Join Michael Winkelmann for an in-depth discussion in this video In depth: Animating a VJ clip, part of The Creative Spark: Beeple, Everyday Artist.
These are the VJ clips that I've been working on for the past couple years. They're basically 20 to 30 second little sort of, abstract videos that people can use for visuals for, you know, concerts or music videos. Or, you know, a lot of people use it for like YouTube, like intros to their channels and stuff like that. Or, you know, commercials, school projects, anything like that, they're creative commons. So you can use them for any commercial or non-commercial project whatsoever. And a lot of them, I also give the Cinema 4D project files with as well.
There's about 100, 180 of them now and you can download them now, you know, through Vimeo. So, here is one of them that I'd like to sort of go through and show you the process of, of how this, you know, got started. And, and how I took it to completion as a, as a VJ clip. This one actually got started as a everyday that I did in October of last year. And I realized that if I sort of, you know, maybe move the camera around and animated some of the things in the project.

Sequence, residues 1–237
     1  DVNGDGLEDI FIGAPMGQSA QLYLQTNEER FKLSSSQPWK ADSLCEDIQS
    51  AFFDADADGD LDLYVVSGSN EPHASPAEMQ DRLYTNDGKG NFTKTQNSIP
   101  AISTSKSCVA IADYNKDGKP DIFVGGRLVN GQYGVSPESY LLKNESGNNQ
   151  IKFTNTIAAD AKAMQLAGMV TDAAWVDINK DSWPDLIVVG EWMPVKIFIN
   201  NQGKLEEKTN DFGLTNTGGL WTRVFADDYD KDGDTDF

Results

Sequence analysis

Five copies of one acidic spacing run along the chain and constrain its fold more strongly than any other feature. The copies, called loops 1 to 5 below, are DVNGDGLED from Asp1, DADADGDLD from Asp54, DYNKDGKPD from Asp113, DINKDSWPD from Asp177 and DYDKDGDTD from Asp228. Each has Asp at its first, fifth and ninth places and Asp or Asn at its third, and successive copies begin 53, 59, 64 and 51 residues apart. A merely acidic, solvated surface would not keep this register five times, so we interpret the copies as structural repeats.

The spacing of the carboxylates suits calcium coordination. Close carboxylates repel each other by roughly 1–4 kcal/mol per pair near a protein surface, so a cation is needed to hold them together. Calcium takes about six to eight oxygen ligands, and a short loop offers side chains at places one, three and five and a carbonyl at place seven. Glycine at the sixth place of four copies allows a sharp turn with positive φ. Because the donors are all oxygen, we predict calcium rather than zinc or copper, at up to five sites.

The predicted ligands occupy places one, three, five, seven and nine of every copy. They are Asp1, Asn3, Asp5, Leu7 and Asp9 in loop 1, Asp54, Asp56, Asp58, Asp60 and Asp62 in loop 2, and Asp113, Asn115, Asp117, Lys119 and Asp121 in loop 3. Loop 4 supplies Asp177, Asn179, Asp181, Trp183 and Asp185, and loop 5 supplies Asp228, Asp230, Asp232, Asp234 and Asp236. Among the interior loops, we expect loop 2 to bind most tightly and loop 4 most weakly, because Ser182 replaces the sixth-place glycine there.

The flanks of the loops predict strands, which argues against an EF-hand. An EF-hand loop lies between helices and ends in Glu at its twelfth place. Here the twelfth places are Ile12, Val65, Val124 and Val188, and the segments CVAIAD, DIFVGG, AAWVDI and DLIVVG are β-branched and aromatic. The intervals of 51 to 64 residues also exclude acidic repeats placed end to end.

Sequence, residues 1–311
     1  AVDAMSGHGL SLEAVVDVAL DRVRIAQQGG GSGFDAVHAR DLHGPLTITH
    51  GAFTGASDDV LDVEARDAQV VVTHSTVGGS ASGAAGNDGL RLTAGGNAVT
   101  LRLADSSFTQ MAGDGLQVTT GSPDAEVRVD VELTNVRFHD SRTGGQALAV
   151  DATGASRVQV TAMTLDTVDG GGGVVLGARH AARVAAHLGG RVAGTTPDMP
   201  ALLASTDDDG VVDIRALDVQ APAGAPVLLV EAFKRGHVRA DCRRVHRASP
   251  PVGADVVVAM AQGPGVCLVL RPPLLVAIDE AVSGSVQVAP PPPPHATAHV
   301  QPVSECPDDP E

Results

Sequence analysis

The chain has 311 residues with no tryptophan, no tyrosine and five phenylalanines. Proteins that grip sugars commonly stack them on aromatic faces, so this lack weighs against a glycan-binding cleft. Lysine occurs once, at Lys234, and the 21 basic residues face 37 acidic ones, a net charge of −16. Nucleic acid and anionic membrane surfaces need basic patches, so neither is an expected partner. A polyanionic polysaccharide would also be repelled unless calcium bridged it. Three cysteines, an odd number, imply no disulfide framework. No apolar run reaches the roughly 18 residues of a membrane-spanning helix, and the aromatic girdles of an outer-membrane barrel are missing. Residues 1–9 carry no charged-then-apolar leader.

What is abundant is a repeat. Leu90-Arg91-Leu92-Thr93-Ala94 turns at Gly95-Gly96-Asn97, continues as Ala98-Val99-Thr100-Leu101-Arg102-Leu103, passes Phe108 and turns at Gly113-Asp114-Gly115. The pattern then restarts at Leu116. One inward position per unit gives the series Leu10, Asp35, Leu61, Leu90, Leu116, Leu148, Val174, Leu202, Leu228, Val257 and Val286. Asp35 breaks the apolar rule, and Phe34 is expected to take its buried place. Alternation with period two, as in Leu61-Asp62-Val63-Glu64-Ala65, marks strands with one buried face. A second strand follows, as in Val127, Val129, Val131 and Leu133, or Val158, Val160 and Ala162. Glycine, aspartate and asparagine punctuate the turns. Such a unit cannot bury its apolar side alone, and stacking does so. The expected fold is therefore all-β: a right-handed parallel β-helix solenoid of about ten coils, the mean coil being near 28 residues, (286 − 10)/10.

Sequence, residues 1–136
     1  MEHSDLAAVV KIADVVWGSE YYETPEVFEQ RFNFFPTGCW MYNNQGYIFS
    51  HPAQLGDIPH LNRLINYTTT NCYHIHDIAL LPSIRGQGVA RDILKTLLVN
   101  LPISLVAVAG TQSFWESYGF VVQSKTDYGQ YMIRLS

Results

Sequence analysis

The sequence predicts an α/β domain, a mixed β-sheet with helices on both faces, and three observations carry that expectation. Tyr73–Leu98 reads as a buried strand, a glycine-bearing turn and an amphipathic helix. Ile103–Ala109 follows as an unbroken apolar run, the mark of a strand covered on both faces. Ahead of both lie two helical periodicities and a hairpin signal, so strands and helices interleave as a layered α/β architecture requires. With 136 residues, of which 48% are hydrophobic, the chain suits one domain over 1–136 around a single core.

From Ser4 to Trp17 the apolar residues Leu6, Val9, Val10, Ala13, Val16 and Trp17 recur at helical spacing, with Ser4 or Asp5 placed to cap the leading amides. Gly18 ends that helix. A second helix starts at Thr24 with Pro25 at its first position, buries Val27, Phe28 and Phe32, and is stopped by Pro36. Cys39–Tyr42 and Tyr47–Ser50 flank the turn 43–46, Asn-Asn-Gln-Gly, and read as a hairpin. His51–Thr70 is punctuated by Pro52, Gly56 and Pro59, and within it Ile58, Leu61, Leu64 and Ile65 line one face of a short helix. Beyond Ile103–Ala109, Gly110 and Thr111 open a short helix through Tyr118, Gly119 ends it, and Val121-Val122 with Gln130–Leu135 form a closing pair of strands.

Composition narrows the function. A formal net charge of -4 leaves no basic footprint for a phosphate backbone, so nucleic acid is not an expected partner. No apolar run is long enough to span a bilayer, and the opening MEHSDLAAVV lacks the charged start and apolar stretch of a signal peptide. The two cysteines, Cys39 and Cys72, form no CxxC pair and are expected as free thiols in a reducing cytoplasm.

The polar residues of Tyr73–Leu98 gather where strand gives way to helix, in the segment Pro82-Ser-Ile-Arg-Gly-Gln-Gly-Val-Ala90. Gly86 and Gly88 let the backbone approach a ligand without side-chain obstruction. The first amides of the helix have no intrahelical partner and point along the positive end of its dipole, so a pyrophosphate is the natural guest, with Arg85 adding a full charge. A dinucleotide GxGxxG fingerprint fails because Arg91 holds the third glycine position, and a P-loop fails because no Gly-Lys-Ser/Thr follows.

That it would, you know, it could be a, a, a decent looking VJ clip. And so I basically, I took the project file, which was done in a mix of Illustrator and Cinema 4D. And I already had this sort of scene set up in terms of the the city. So basically, what I wanted to do was add in some, some little particles that were sort of floating. And, and then animate some of these, these lines so they were sort of pulsing.
As well as these lights that were sort of in the city, kind of blinking on and off. So basically, from the camera's point of view, you can see it's just sort of scrolling around. You've got the, the particles and everything to give it you know, a little bit of movement. The camera is rotating around on a spline, and it's, it actually one of the presets in Cinema 4D is this sort of orbit camera. Where it automatically uses a espresso to make the camera rotate around the path.